Dallas Seavey

Dallas Seavey was quickest to pass through Nikolai checkpoint during the 2021 Iditarod.

WASILLA — Dallas Seavey is back.

His record-setting victory in the 2021 Iditarod has been described as a triumphant return, and the veteran Talkeetna musher credited his success to his dog team.

“The dogs performed excellently. I’m pretty proud of those guys I tell ya what. They had a long training season… I knew I had a very strong team. I was really excited about racing the team going into it, but we really didn’t know how they would stack up against the competition,” Seavey said.

Seavey made a historic return to the race after a four-year hiatus, achieving his fifth championship in 7 days, 14 hours, 8 minutes, and 57 seconds. This aligns Seavey with the legendary musher Rick Swenson’s record of five total wins.

“Right off the bat, it seemed like we had a pretty strong lead in the race. They just kept doing their thing and getting stronger and stronger as we went. By the time we got to the finish line, they were three hours ahead of second place and could’ve easily turned around and done the whole dang thing over again. It was a pretty amazing thing to see,” Seavey said.

Seavey said that he focused a little more on conditioning with this year’s training. He said that he’s been developing new training programs that are focused on developing more durable and cardiovascularly strengthened dogs, all while maintaining their training to travel at the appropriate paces.

He said that he pushed that type of training a little longer before getting into Iditarod-specific training like getting them comfortable with the trail conditions and practicing their camping routines.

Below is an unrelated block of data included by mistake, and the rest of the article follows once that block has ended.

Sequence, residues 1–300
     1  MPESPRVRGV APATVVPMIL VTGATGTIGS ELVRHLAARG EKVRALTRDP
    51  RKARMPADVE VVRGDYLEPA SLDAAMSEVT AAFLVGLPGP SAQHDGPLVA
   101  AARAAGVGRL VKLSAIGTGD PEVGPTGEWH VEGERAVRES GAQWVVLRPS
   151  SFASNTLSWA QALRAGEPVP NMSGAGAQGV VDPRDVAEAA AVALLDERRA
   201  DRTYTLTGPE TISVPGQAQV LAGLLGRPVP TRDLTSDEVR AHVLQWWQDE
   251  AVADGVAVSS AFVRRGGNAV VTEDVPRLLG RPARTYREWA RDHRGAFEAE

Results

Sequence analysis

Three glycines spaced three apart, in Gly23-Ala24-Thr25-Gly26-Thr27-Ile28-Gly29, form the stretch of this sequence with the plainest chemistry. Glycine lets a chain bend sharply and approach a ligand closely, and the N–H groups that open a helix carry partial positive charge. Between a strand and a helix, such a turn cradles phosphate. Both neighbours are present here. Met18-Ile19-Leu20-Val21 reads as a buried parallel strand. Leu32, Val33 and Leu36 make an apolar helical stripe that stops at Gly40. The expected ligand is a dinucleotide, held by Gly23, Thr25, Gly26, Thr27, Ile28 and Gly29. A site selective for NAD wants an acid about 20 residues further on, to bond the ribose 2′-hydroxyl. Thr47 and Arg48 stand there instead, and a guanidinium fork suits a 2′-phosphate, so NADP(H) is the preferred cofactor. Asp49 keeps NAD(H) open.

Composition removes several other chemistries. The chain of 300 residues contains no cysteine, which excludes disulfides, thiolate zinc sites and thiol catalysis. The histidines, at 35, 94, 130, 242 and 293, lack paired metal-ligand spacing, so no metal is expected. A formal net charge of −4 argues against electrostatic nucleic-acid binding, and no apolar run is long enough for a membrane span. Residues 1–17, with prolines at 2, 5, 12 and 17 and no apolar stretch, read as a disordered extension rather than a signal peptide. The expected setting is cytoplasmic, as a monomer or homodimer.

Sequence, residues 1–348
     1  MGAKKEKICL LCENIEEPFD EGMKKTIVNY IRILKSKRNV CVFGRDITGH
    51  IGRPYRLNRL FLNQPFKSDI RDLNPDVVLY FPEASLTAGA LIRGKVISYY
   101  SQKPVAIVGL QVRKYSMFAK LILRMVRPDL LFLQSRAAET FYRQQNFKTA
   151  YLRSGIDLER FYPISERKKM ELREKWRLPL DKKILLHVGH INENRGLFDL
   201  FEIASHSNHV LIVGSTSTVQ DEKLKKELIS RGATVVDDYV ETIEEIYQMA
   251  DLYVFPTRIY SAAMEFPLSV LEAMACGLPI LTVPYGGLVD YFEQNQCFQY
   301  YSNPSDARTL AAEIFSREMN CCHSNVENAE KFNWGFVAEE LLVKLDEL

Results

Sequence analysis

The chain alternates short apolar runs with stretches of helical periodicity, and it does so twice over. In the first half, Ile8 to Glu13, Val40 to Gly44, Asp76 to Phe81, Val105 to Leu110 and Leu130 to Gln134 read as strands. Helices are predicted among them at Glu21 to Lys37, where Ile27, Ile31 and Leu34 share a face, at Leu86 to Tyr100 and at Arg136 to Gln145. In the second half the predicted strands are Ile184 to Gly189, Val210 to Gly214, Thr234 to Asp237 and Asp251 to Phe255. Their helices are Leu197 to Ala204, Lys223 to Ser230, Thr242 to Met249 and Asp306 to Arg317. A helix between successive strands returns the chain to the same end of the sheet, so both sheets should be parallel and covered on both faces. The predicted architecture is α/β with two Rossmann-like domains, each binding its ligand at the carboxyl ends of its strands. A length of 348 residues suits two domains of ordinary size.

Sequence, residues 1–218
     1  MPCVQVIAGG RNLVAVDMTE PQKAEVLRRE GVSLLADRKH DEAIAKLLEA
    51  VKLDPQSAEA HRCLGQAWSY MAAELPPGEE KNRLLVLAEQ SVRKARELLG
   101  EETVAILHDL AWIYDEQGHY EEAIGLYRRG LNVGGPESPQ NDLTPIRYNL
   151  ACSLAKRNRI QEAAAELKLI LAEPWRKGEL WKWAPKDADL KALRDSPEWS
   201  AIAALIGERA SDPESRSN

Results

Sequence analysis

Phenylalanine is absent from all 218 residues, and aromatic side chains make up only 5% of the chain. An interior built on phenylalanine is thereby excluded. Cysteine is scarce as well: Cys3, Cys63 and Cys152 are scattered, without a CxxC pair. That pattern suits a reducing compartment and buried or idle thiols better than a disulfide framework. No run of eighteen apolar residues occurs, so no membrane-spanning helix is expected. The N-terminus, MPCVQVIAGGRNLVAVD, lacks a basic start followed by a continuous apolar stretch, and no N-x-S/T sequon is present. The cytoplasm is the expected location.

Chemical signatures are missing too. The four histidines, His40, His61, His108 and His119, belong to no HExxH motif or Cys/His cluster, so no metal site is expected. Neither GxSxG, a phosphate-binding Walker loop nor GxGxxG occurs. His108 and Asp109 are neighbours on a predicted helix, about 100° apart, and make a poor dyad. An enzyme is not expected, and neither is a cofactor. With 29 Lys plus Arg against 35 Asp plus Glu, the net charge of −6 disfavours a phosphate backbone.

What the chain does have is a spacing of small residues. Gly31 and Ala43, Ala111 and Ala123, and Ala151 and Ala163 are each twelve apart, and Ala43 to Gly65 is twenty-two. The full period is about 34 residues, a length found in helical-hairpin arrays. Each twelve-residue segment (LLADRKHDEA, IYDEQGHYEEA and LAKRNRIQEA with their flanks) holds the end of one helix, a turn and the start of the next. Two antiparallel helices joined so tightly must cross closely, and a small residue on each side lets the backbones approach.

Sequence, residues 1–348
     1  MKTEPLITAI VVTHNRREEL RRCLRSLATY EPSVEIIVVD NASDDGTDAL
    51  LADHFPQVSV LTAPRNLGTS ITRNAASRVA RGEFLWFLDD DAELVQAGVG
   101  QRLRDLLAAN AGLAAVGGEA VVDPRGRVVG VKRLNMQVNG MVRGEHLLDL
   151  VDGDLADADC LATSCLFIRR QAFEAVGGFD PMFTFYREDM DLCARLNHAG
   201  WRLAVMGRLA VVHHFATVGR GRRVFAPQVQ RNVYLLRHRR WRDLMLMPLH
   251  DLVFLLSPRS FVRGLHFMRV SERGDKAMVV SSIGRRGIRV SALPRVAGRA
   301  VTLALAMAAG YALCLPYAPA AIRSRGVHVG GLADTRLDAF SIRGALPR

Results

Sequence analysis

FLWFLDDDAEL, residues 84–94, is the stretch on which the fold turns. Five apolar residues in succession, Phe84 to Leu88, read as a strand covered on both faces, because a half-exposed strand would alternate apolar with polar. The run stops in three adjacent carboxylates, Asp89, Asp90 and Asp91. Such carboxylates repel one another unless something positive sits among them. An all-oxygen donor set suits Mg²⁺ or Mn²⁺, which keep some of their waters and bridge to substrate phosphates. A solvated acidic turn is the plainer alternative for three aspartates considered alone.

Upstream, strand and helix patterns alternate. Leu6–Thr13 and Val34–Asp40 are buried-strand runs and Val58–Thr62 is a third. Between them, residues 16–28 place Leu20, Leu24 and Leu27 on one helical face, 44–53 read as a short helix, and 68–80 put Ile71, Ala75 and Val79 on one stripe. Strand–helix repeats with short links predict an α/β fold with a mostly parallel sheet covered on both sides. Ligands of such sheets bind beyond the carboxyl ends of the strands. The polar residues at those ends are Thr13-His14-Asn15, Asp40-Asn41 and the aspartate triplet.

“I do think it’s very, very important to have a dog mentally comfortable on the Iditarod, where they are just familiar with and comfortable with the environment they’re racing in,” Seavey said.

Seavey’s overarching training philosophy revolves around the individualized journey to develop each dog to the best of its ability. He said it’s not about setting goals with arbitrary numbers or having a “pass or fail” mentality.

“This is really finger on the pulse. You push a little bit. You pull back a little bit. You take that feedback from the team and you constantly adjust based on that feedback,” Seavey said.

Seavey picked up some interesting observations over the years as he continues to refine and experiment with his training regimens and methodology. Since he works with each dog on a case by case basis, he’s discovered how to move his athletes to positions where they shine the most based on their unique personalities, abilities, and other dispositions.

“Make sure that the dog is training at the appropriate level because it’s not going to benefit them if it’s beyond their means… Allow for things to change… I think that’s a really important thing in mushing, is don’t pigeonhole the dog. Just keep your eyes open and see what they are,” Seavey said.

Seavey said that he really enjoys the trial and error process and improving his training techniques. He established an indoor training facility with treadmills and internal refrigeration to extend the training season with a cool, controlled environment during the hot summer months. He noted that he didn’t use the facility this year, and that doesn’t make or break their overall training experience.

“It’s an awesome asset... but it’s not imperative,” Seavey said. “The net result is paying off… It’s been said in other ways by mushers for years and years, it’s who gets the most mushes right.”